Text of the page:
Now that the invocations of peace for the Easter season are behind us, there is something I’d like to say. To put it plainly, and in true Trini fashion, I vex, I real vex.
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Questions over hole near house
A defence attorney in the Vindra Naipaul-Coolman murder trial has argued that a four-foot-deep hole near the house where the businesswoman was reportedly killed was an incompleted outhouse, not a temporary grave site, as the State claims. Colin Selvon made the suggestion while questioning the State’s 12th witness, Cpl Nigel Stephens, the police officer who videotaped three raids in La Puerta Avenue, Diego Martin, months after Naipaul-Coolman was abducted.
Stephens was asked to replay the video he recorded during the last raid on May 12, 2007. Selvon claimed the recording failed to completely show the area surrounding the hole, where he said there was also an abandoned house. Denying the claim, Stephens immediately replayed the recording, in which he walked in a circle with the camera to show the surrounding area. But Selvon said: “I am suggesting to you that the hole you showed was the remains of an unfinished outhouse.”
“I cannot say. It is a hole,” Stephens said. In his opening address in late March, lead prosecutor Israel Khan, SC, said although her body was never recovered it was the State’s case that after Naipaul-Coolman was killed, she was cut into pieces and buried in the hole before her remains were exhumed and disposed of.
Naipaul-Coolman, 52, former chief executive of her fmaily’s supermarket chain Naipaul’s Xtra Foods was abducted on December 19, 2006. Several months later the 12 men currently on trial were charged with her murder. Most of the group lived in the community in Diego Martin where the raids were conducted. Another major point of contention was a roll of tape which investigators found in an oven in the incomplete house where Naipaul-Coolman was allegedly kept before she was killed.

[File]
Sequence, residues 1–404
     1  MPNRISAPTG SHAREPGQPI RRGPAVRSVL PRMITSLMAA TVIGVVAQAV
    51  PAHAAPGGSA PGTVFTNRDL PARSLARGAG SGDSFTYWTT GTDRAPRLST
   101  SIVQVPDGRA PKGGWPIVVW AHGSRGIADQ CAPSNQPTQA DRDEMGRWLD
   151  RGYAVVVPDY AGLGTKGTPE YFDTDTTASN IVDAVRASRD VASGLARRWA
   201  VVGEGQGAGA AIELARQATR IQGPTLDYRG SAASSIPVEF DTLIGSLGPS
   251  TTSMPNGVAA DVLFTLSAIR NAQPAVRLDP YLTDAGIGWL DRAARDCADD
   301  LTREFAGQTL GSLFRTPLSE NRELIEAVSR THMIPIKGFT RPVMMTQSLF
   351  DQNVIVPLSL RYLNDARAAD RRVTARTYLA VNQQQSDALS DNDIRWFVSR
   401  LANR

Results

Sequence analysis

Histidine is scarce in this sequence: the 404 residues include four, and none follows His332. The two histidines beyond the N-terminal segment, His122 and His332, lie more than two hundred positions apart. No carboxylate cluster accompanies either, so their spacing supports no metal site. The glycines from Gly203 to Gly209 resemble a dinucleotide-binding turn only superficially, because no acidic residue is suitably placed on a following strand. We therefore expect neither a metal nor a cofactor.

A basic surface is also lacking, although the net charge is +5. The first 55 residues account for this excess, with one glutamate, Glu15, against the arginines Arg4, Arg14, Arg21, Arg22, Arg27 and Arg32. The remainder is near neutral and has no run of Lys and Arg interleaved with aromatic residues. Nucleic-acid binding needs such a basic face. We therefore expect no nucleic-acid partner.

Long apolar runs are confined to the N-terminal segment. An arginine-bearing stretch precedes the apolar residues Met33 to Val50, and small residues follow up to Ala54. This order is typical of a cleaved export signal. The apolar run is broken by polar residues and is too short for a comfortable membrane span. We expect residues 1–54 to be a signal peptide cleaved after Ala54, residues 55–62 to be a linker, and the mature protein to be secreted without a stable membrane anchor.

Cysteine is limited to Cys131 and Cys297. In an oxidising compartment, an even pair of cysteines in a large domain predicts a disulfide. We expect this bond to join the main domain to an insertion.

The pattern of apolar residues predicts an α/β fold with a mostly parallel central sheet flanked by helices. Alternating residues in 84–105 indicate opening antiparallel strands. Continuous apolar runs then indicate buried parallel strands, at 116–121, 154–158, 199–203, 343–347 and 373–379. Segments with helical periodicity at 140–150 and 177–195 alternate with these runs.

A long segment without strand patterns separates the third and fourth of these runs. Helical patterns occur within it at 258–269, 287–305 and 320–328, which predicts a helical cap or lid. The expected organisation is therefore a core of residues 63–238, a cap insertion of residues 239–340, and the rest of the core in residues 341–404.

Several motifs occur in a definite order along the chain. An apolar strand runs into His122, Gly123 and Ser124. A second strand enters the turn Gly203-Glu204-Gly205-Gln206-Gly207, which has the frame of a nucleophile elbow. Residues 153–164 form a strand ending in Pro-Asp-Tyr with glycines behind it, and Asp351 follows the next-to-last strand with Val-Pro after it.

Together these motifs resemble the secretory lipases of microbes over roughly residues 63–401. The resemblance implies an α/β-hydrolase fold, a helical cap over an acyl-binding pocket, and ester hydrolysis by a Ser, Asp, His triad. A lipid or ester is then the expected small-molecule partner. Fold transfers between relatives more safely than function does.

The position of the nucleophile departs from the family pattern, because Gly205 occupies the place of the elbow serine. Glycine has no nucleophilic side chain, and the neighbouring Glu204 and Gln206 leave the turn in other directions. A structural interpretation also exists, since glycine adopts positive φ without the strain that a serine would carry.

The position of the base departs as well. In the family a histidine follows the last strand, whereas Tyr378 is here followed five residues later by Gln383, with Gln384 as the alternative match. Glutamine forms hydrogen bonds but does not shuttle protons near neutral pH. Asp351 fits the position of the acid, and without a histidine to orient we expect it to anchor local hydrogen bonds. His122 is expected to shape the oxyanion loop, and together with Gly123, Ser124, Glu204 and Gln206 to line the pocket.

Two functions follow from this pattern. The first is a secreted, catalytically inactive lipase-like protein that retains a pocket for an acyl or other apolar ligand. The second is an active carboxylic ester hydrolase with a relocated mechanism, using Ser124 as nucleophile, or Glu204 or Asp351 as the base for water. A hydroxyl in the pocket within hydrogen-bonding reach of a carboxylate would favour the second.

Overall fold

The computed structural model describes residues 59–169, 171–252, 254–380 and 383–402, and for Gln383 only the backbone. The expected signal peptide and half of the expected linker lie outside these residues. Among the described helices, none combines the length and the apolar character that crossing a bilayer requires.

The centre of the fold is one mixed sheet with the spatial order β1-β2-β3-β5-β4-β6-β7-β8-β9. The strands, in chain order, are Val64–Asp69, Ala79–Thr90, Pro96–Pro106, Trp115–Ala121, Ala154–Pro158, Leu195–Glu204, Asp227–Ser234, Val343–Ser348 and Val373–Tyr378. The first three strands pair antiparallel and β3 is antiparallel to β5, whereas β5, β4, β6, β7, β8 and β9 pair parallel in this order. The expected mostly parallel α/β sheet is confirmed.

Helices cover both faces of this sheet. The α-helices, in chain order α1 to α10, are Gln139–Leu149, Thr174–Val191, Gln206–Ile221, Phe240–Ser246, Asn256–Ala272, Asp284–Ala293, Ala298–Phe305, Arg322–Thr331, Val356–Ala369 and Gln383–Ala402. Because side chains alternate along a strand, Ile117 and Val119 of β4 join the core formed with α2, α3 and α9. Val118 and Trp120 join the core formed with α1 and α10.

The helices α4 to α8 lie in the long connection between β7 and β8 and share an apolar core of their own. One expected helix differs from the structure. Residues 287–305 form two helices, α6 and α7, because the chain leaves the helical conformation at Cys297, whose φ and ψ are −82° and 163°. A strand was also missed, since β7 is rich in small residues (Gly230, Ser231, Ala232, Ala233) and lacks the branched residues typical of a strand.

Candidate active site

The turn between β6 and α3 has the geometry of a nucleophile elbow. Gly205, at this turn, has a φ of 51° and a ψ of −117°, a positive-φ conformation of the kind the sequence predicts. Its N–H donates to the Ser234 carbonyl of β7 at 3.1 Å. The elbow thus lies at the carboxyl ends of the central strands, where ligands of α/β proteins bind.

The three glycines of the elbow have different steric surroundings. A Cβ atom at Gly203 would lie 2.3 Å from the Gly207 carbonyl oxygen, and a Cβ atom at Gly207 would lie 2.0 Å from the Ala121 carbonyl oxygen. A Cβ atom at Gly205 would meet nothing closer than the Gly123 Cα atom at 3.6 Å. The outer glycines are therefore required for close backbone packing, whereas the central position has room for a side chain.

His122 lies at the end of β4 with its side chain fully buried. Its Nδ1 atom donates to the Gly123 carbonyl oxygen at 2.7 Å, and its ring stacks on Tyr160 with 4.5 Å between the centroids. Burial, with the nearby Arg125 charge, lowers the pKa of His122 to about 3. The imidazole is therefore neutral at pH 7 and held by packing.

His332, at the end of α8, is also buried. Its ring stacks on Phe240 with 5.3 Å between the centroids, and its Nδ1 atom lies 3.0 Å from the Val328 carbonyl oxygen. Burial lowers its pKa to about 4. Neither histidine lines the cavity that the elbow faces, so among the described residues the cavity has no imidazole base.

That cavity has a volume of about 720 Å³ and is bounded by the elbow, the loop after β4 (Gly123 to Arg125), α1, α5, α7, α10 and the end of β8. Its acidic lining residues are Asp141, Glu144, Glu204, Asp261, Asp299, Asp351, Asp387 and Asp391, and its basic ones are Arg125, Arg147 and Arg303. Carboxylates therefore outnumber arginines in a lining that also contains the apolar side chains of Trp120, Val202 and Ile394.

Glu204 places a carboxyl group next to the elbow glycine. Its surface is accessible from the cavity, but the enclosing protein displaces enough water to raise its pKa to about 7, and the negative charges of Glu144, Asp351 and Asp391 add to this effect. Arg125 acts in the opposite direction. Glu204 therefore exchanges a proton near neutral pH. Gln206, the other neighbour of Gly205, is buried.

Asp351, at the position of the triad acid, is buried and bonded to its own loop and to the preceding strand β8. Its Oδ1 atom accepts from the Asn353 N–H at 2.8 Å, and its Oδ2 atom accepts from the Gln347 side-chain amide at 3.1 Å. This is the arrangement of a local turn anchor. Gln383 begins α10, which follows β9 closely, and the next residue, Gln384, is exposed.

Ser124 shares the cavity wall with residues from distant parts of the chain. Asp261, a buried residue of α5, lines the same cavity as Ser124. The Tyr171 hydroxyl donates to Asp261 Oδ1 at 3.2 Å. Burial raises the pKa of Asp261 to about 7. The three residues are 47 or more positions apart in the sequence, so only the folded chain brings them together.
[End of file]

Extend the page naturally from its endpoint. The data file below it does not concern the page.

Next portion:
In his evidence last week Stephens identified the roll as duct tape. Under cross-examination yesterday, he admitted he could not say with certainty whether the tape was in fact duct tape or a tar-based adhesive tape (flashband), as alleged by defence attorneys. Selvon produced rolls of each type of tape and gave them to Stephens to examine before asking him if he wanted to reconsider his earlier response. Even with the assistance of the rolls of tape, Stephens said he still could not identify the object in his recording.
“I did not have the opportunity, as I just did, to physically examine what I saw to ascertain if it was flashband or duct tape,” Stephens said. During the extensive cross-examination before the 12-member jury and Justice Malcolm Holdip, defence attorneys also indirectly suggested that other pieces of evidence found at the house and at various locations in the area could have been planted there by police. Stephens admitted he was not present when a gun was found in the house of one of the accused.
“You are not in a position to say if the gun was actually found in that home?” attorney Ian Brooks asked. Stephens responded that he did not know if it was. Attorney Wayne Sturge, who is representing two of the accused men, also challenged the State’s evidence while questioning Stephens on where a latex glove was found in a forested area on a hill overlooking the area Stephens admitted the glove he filmed was white and blue and was similar to ones used by police.
Sturge further suggested that the glove appeared to be new and unused but Stephens said he was not able to confirm that. Stephens’ cross-examination continues this morning.